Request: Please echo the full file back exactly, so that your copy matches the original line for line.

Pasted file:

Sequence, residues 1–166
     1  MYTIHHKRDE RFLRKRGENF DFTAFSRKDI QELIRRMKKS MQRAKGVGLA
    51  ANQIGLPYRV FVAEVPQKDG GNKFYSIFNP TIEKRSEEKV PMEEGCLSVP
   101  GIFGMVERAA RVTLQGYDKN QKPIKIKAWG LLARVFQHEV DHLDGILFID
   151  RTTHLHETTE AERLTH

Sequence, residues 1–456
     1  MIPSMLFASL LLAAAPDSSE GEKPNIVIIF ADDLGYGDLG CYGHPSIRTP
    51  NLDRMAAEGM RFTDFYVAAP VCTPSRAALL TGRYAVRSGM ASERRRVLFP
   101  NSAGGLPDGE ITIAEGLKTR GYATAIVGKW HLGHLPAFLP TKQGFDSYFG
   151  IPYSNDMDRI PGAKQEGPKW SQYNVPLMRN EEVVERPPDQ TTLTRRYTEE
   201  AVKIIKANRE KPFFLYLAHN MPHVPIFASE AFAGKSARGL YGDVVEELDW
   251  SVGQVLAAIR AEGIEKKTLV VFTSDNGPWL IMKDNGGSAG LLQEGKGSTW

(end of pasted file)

Sequence, residues 1–166
     1  MYTIHHKRDE RFLRKRGENF DFTAFSRKDI QELIRRMKKS MQRAKGVGLA
    51  ANQIGLPYRV FVAEVPQKDG GNKFYSIFNP TIEKRSEEKV PMEEGCLSVP
   101  GIFGMVERAA RVTLQGYDKN QKPIKIKAWG LLARVFQHEV DHLDGILFID
   151  RTTHLHETTE AERLTH

Sequence, residues 1–456
     1  MIPSMLFASL LLAAAPDSSE GEKPNIVIIF ADDLGYGDLG CYGHPSIRTP
    51  NLDRMAAEGM RFTDFYVAAP VCTPSRAALL TGRYAVRSGM ASERRRVLFP
   101  NSAGGLPDGE ITIAEGLKTR GYATAIVGKW HLGHLPAFLP TKQGFDSYFG
   151  IPYSNDMDRI PGAKQEGPKW SQYNVPLMRN EEVVERPPDQ TTLTRRYTEE
   201  AVKIIKANRE KPFFLYLAHN MPHVPIFASE AFAGKSARGL YGDVVEELDW
   251  SVGQVLAAIR AEGIEKKTLV VFTSDNGPWL IMKDNGGSAG LLQEGKGSTW